I’m From Muskegon, MI.

by joshua stephen kartes

It’s funny; but then again, pretty typical, I guess–I was “out” before I ever came out.

It started way back in high school, when I was still living in the not-exactly-entirely-open-minded suburban town of Norton Shores, Michigan. I never figured it out then; I only politely shied away from the persistent advances of a few female acquaintances (I was “too busy,” or “waiting for the perfect one”) and found myself, junior year, sharing pillows with my “straight but curious” (psshh) male friend (unbeknownst object of my lust). Most of my peers caught on; my friend and I never came to any conclusions.

It didn’t take much, then, for things to start happening that were beacons of my burgeoning sexuality once I settled myself down in the much more liberal town of Bloomington, Indiana (no, seriously; it really is the open-minded paradise–oasis, if you will–of the Great State of Indiana). I soon had most of my new friends constantly on my case: “Are you gay, yet?” “Don’t you think he’s hot?” “He’s interested in you.” Again, I was “too busy waiting for the perfect partner–a girl, I swear–and if I don’t find her, I could still be happy, single, for the rest of my life.”

Psshh.

Scene: a lovely sunny afternoon during the summer of my freshman year at Indiana University; I’m waiting in the grocery store checkout line with a few good friends who happen to be reading (read: staring and drooling at) the cover of a magazine that featured Brad Pitt on one of his particularly good days. Don’t laugh…we’ve all thought that Brad was attractive at some point or another. My friends were sharing the typical lustful banter associated with discussion of uber-hot celebrities. That’s when I slipped: they caught me staring and drooling along with them. One asked me if I was “interested” and I temporarily lost control of my censorship. Knowing that this small group of acquaintances had just been given the clue that broke the camel’s closet door, I replied.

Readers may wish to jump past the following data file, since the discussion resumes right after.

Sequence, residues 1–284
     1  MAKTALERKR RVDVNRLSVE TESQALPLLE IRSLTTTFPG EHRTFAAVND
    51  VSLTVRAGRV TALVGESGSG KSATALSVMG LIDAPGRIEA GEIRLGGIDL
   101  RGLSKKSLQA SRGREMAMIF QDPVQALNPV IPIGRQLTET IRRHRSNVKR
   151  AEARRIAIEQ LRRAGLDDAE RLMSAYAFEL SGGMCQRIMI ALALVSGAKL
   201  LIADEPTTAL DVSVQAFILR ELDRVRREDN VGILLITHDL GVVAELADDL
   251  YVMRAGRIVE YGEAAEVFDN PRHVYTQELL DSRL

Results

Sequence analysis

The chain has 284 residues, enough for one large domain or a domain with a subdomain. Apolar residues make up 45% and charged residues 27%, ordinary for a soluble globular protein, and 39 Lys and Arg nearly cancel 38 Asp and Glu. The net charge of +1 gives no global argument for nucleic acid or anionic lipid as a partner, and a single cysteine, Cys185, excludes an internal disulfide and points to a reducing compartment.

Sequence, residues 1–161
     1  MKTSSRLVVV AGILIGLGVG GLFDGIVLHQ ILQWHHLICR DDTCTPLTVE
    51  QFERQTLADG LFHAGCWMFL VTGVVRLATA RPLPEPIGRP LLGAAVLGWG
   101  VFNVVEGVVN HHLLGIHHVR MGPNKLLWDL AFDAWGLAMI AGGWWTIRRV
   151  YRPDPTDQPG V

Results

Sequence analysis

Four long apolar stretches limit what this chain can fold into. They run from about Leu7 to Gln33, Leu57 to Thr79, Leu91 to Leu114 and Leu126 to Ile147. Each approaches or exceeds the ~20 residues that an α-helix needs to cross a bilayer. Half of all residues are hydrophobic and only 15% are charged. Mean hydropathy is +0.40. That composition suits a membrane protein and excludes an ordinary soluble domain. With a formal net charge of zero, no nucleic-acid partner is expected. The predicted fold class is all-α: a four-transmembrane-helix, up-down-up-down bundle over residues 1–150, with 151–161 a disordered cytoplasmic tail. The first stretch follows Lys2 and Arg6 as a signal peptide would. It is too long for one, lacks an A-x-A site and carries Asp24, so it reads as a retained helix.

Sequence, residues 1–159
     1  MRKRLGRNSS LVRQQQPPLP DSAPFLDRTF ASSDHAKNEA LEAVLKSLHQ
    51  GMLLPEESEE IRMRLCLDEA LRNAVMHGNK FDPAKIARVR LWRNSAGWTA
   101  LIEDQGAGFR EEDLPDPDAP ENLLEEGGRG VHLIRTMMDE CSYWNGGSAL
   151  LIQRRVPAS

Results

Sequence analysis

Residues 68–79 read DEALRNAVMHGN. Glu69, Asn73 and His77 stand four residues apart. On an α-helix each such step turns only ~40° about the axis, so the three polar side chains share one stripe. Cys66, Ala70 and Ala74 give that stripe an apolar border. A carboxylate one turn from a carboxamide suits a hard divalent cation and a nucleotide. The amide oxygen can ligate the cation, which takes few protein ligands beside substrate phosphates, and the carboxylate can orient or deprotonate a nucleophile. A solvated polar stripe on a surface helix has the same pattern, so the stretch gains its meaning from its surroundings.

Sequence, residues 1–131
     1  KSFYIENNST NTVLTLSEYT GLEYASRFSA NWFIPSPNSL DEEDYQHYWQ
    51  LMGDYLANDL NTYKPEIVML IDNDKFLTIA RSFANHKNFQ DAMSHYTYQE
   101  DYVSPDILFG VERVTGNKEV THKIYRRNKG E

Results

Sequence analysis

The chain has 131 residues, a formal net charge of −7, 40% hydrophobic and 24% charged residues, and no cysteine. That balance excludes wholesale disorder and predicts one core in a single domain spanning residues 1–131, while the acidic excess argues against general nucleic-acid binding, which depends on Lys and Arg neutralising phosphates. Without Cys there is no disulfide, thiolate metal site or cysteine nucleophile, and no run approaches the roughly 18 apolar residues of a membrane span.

I thought a lot that afternoon. Afternoon led to evening, evening to night, and I hadn’t left my dorm room. Not even for meals. I tried sleeping but knew it was hopeless. I had no idea what the consequences of my actions that afternoon would be. It was about three o’clock in the morning when I snapped. I called Chris (one member of the grocery store entourage) and, crying, left a message. “I…umm…think I like guys. I had to tell someone. I’m going crazy.” Twenty seconds after I hung up the phone, it rang on my end. I screened the call: “Josh…I knew. I’m coming over.”

After a good cry and breakfast at Denny’s (thank goodness for 24-hour restaurants), it was settled. I’d begin telling all my friends and colleagues in Bloomington, and Chris would confirm to the rest of the grocery store entourage that yes, indeed, I had come out. I figured that between the few of them, the entire Indiana University gay community would know in a matter of hours.